Many odes are sung to the textural interest and lush foliage that characterize a shade garden, but these attributes only go so far. If you dream of filling low-light areas with flowers, don't despair. Perennials with brilliant or curious blossoms thrive in shade gardens in most regions of the country , so take the time to dig up plant ideas before you dig up the garden.
The Shades of Shade
Not every low-light area falls into the same shade category, so it's useful to understand the ways gardeners and experts use the terms.
- Heavy shade You'll find heavy shade where sunbeams never, ever get invited, like on the north side of the house or a tree. Heavy shade is an area that maintains the same low-level light all day long, every day, and you'll be hard pressed to find many flowering perennials that thrive here.
- Open shade Think of the east side of a tree, where the dawn's early light sneaks in. Open shade allows early sun into the area, but only for a brief time each day.
- Bright shade More sunlight filters through a tree's branches on the southern and western sides of a tree. This results in shade that is several levels more "lit" than other shade.
Warm Weather Shade
Bear's breeches (Acanthus spinosus) offers the typical attractive foliage you find in shade gardens, but with a twist. Interspersed among the arching, glossy green, thistle-like leaves -- and rising high on spikes above the foliage -- you'll find star-white, snapdragon flowers hooded by purple bracts. Grow these amazing flowers in open or bright shade in U.S. Department of Agriculture plant hardiness zones 5 through 9.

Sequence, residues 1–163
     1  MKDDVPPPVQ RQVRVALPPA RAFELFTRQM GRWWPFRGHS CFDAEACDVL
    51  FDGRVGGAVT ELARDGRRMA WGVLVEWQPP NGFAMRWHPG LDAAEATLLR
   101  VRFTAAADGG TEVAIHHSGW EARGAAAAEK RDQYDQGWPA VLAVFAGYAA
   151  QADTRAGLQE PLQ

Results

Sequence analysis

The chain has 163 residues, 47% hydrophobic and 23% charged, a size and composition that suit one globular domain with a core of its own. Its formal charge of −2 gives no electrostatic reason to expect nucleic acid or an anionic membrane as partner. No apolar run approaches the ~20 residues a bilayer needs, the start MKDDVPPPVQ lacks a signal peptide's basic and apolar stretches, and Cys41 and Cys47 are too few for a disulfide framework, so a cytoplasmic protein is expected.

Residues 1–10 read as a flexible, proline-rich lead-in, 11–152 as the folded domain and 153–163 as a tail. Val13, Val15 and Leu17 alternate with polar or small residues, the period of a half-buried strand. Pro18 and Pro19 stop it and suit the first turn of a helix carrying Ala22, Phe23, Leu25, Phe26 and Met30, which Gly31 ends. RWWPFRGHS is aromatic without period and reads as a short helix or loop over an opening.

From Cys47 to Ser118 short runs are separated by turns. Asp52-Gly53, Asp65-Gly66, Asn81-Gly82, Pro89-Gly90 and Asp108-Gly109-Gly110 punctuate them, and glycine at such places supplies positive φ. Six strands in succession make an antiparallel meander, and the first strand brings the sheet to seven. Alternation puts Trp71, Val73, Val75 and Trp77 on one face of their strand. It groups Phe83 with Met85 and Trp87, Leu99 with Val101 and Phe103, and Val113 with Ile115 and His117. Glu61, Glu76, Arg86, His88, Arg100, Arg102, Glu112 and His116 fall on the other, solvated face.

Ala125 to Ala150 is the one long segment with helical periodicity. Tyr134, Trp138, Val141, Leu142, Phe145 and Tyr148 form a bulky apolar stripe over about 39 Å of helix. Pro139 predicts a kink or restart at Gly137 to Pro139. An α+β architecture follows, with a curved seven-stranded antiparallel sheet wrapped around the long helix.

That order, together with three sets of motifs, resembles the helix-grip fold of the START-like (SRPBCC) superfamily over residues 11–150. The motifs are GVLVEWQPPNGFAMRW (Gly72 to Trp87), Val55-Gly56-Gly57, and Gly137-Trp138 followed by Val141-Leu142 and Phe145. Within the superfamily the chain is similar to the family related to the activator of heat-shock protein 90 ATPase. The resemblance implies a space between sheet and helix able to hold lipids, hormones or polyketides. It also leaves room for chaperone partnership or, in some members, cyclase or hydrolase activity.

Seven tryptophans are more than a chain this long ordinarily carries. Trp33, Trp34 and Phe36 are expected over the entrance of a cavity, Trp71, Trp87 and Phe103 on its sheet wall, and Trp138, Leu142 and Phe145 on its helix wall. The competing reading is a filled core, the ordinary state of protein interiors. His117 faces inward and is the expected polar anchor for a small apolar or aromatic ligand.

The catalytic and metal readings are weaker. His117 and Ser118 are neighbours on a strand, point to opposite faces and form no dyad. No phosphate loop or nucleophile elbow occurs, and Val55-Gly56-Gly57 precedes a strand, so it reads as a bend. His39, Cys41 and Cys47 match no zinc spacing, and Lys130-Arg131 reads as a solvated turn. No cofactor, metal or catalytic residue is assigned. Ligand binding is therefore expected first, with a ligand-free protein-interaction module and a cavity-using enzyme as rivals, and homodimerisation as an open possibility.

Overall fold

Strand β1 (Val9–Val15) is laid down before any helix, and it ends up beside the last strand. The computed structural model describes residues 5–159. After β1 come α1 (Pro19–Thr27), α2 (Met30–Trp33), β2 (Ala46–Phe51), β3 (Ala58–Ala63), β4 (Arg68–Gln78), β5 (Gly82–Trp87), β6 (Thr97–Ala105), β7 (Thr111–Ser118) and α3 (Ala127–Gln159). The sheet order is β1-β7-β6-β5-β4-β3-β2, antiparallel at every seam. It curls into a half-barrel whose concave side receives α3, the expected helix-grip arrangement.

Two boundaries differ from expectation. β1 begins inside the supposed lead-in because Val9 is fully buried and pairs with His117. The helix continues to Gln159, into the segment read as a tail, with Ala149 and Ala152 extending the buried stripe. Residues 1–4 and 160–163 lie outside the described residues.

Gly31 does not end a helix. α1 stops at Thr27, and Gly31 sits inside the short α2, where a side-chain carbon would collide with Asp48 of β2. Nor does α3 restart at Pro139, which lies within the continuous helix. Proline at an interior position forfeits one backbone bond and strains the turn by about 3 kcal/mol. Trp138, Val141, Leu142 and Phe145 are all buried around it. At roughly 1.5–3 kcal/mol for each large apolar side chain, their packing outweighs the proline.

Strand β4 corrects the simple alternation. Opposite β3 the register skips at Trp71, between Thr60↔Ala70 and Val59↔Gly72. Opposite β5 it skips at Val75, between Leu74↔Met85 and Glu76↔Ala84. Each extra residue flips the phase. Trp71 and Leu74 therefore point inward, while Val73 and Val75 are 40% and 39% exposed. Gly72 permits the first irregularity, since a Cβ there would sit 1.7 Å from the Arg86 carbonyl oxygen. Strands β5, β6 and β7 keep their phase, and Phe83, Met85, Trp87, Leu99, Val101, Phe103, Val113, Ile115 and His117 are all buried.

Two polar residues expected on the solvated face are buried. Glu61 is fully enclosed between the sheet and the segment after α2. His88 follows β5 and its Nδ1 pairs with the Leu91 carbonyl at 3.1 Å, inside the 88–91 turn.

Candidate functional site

A native plant and one tough cookie, Indian pink (Spigelia marilandica) wakes up your open shaded area with its crimson tubes of flowers, each topped with a brilliant splash of yellow. Don't be in a hurry with this perennial, since it establishes slowly but surely in open shade in USDA plant hardiness zones 5 through 9.
If you've never heard of Cobra lilies (Arisaema spp.), prepare for an eye-popping surprise. These lilies have shock value, with stripes and colors straight from a child's dreams, and thrive in open shade in USDA zones 4 through 9. Try Jack-in-the-pulpit (Arisaema triphyllum), with its green and black stripes, or green dragon (Arisaema dracontium ).
Mild Weather Shade
Japanese anemone (Anemone hupehensis var. japonica 'Pamina') is a dramatic member of the buttercup family with its deep rose petals and yellow center. Growing to 3 feet tall with a 2 to 3 foot spread, Japanese anemones do best in open or bright shade in USDA plant hardiness zones 5 through 8.
You'll have to figure out yourself if bugleweed (Ajuga reptans 'Catlin's Giant') is beautiful enough to use as ground cover in those low-light areas where grass won't grow, but it's ready if you are. This plant spreads thick and fast, offering bronze rosettes of leaves and indigo flowers. It is low-to-no maintenance for deep shade in USDA plant hardiness zones 5 through 8.
Cool Weather Shade
Even those who live in chilly regions can create colorful and lively shade gardens. Crested iris (Iris cristata) is the only iris that likes the shady side of the garden. This perennial stays small at 12 inches tall, but offers the traditional sword-shaped leaves and a mass of blue, lavender or white blossoms. Plant it in bright shade in USDA plant hardiness zones 3 through 8.
Fill your shady areas with flowers the color of sunshine by installing perennial primroses. Cousins oxslip (Primula elatior) and cowslip (Primula veris ) fill bright shade with bright yellow tubular flowers in USDA hardiness zones 4 through 8 and 3 through 8 respectively.